ON: What types of weather data do you use when making an offshore passage? How do you gather weather information?
J&AN: We regularly use a Furuno weatherfax that we supplement with GRIB files from saildocs.com. On passages with a higher percentage of volatile weather, such as our early season crossing of the Skagerrak and North Sea from Sweden to Fair Isle in three days, we’ll ask Commanders’ Weather for an extended forecast. We also find good coastal information, particularly in Europe, the Med and Scandinavia, on Navtex and appreciate that forecasts are in English. Before departure, while we still have Internet, we frequently ask local sailors what they use for regional weather forecasts. This morning I was given www.yr.no, a brilliant site covering nearly all of the area we’ll be sailing in this season.
ON: How many voyaging students have you taught over the years? Have you noticed any trends in what students want to learn?
J&AN: We’ve had more than 1,100 students join us on sail-training expeditions since 1990. We have noticed more interest in understanding and learning about marine weather. Most sailors now really get the fact that, while on passage, their level of comfort has a lot to do with the weather conditions they encounter. We still have a high percentage wanting to gain heavy weather skills with someone more experienced before setting off on their own and a surprising number are still interested in learning celestial navigation, which we teach on each expedition.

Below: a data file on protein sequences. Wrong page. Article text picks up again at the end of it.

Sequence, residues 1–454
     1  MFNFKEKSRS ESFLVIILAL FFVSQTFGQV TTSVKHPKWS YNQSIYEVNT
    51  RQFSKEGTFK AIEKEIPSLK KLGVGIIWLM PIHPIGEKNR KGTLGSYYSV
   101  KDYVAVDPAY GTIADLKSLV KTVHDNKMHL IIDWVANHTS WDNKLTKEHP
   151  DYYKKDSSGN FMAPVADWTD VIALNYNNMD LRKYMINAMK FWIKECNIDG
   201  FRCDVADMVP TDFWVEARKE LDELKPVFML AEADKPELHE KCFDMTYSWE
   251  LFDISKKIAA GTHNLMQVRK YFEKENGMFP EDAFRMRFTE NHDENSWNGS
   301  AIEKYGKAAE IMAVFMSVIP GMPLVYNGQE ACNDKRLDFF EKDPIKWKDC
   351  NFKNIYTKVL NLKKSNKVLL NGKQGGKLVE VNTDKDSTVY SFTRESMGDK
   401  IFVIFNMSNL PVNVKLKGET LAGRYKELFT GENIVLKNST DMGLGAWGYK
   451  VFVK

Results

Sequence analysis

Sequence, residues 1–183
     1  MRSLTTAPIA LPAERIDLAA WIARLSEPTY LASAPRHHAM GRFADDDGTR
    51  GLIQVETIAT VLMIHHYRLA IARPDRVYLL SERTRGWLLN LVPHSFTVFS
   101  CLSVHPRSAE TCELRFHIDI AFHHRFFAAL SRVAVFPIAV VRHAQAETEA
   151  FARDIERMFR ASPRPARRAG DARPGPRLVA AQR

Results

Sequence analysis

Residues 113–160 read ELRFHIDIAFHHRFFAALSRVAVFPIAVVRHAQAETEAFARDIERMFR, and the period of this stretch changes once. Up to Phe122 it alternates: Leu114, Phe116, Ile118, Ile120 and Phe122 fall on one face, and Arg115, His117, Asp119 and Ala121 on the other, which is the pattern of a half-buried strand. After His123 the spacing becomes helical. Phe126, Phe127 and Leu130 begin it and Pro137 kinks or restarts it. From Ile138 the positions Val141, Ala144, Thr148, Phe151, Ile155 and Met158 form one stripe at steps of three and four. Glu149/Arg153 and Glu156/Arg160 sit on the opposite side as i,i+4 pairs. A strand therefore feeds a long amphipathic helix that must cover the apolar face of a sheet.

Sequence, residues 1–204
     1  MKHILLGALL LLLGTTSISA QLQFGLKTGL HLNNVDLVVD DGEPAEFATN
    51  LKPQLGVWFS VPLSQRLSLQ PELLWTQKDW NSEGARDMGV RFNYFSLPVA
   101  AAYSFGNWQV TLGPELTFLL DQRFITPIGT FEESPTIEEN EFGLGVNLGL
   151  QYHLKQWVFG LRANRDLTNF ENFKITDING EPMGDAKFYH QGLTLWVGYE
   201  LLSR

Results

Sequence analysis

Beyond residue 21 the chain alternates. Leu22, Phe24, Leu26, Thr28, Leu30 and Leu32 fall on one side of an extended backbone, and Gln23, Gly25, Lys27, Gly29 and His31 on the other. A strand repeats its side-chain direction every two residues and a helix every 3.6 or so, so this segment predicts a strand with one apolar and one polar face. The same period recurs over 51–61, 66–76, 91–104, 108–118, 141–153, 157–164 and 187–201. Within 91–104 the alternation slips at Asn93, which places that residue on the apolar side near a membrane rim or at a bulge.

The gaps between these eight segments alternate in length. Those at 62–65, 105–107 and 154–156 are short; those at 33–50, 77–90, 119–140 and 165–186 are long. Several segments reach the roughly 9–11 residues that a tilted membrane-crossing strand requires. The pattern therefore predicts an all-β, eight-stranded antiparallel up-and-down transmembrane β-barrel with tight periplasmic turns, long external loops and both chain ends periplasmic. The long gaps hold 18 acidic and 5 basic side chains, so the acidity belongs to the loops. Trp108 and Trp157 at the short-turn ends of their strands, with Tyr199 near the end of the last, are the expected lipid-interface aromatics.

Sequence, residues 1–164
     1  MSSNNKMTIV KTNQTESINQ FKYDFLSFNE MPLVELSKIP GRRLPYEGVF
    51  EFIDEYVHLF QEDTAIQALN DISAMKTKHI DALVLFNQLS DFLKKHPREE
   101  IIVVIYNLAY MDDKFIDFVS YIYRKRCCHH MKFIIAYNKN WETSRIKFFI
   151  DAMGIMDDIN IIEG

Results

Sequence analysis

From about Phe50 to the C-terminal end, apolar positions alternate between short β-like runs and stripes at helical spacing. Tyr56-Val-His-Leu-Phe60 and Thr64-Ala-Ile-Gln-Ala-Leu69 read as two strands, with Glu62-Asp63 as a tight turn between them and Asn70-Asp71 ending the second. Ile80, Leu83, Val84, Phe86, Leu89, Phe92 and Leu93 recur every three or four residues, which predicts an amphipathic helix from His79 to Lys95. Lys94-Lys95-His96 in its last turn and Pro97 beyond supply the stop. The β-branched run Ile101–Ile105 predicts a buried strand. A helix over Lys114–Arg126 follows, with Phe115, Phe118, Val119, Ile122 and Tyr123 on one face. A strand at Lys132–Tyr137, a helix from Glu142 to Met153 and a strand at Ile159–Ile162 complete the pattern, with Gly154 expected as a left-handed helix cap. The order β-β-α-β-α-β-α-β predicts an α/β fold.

ON: Do you think the experience of voyaging has changed now that voyagers can stay more connected at sea?
J&AN: Without a doubt. We’ve seen cruisers sitting in an anchorage emailing each other. We also think there is less interest in exploring ashore and interacting with people of different cultures.
ON: What inspired you both to go voyaging?
J&AN: For Amanda, it was her parent’s inspiration. Her dad had long dreamed of building a boat and sailing up to the islands of the South Pacific from New Zealand and managed to do that at a fairly young age — and they are still at it, well into their 70s. For me, it was reading Robin Lee Graham’s articles in National Geographic and then his book, The Dove, while in high school. I’d grown up messing around in little boats and setting sail for the South Pacific from Seattle when I was 22 seemed like a grand adventure — and it was!
ON: What keeps you voyaging?
J&AN: We both enjoy sailing, teaching and adventuring, and voyaging seems like a perfect mode of travel. We also both enjoy living and working on and around boats.
ON: What’s next in your voyaging plans?
J&AN: Our first training expedition this season is from Sweden to the Orkney Islands. Future expeditions include Shetland, Lofoten, Svalbard, Jan Mayen, Iceland, the Faroes, Outer Hebrides of Scotland, then back to Sweden for the winter. Next year we’ll visit the Faroes again, west coast of Ireland, Spain, Portugal and Gib, then the Balearics, Morocco, Canaries, Antigua, Panama, Hawaii and home to NZ in Oct. 2018.Edit Module